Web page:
34% of cats featured in ‘funny cat videos’ are upset and stressed
An animal welfare campaigner, Wendy Turner Webster, claims that the Internet has given a platform to idiots, to use her words. She believes that the craze for terrifying cats with cucumbers is cruel. I agree with her, completely.
“What an ignorant person perceives as being very funny, responsible pet owners would know immediately that it is not in the least bit funny and shouldn’t be touted about as such.
“To me a prime example is when people show animals in silly clothes, especially around Halloween. Most of the time it’s not cute at all, it’s humiliating.”
Researchers with the veterinarian organisation, Vets4Pets, have concluded that so-called ‘funny cat videos’ which have been around since the beginning of YouTube, and indeed videos showing rabbits and dogs, could be causing harm to the animals in the video.
Researchers watched a sample of viral pet videos. They featured stressed dogs, cats and rabbits. Domestic cats suffered the most stress and distress, being present in 34% of cat videos watched.
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The director of clinical services at Vets4Pets said:
“As vets we recognise that many of the top videos online today actually involve pets displaying signs of distress or anxiety.”
As there are millions of amusing online videos featuring cats, this amounts to hundreds of thousands of potentially stressed cats. The key point to be made is that the videos are unnecessary except that they are designed to earn an income for the creators. However, they produce the videos at the expense of the health and welfare of the cats concerned.
Since Grumpy Cat began to become famous, I have always argued that these sorts of videos are essentially an abuse of domestic cats. They fail to respect the cat. Obviously some of them are not as bad as others but judging by the research a high percentage could be deemed to be cruel.
With respect to the cat videos, the researchers watched hundreds of randomly selected popular cat videos online. They decided that aggression was seen in 15% of the videos. The signs were classic namely flat ears and a brush tail seen in about 10% of the videos. In videos showing cats falling from a height, 15% of the cats were stressed. Of those cats falling into water, 5% were deemed to be stressed.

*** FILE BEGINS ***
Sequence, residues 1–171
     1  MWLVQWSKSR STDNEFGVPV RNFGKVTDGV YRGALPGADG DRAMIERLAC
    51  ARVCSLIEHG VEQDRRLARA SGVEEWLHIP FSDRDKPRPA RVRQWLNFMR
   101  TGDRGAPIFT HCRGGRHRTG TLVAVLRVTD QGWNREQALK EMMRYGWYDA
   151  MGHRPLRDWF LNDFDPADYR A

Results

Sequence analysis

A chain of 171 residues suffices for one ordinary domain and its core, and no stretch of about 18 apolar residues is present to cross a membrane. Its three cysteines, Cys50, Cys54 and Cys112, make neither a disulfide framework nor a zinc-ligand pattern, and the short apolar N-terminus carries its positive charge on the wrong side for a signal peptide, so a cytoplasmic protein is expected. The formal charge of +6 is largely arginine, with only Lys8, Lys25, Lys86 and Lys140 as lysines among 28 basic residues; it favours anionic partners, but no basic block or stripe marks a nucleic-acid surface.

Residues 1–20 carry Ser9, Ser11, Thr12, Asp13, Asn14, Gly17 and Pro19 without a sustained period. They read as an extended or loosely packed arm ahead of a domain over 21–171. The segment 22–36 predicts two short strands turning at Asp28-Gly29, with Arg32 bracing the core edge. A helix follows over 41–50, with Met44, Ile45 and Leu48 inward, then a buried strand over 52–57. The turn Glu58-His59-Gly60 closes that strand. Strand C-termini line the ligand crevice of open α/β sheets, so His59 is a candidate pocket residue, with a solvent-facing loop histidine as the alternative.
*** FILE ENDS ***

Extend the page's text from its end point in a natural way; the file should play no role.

It appears that when a cat is frightened because, for example, a cucumber is placed behind her, it is amusing for a large number of people. I must be missing something because I’ve never found it amusing to see a cat being deliberately frightened.
Cucumbers and bananas placed behind a cat triggers a natural startle reflex as the object can be perceived as a threat. It is particularly unsettling when the object is placed in a place which the cat regards as safe such as a feeding area.
One “cat cucumber” video has been seen 36 million times in one year. No doubt this video made the creator quite a lot of money through advertising but, as mentioned, at the expense of their cat.
There are also very many funny dog videos. Some show dogs grinning which people interpret as meaning that the dog is happy. But these dogs are actually displaying submissive behaviour known by experts as appeasement. They exhibit this behaviour to calm a situation down to make them less threatening. It’s a response to feeling anxious sometimes.
To refer to Wendy’s comment that YouTube provides a platform for idiots. I have to agree. It isn’t just the videos which can often be idiotic and abusive of animals, it’s the comments too. There are billions of rude, insulting comments on YouTube but nobody has ever done anything about it. It is a race to the bottom and cats are the innocent victims.
P.S. It isn’t just funny cat videos which can frighten cats who are in the videos. There are many videos showing men and boys hurting cats. They think it is clever. A complete loss of moral compass.
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Source: The Sentinel (and myself).
I think some are filled doing stuff cats do. However, some are set up for laughs. I laugh when my cats do stupid stuff, but I will not film it nor set them up. I also check on them later to make sure they’re okay.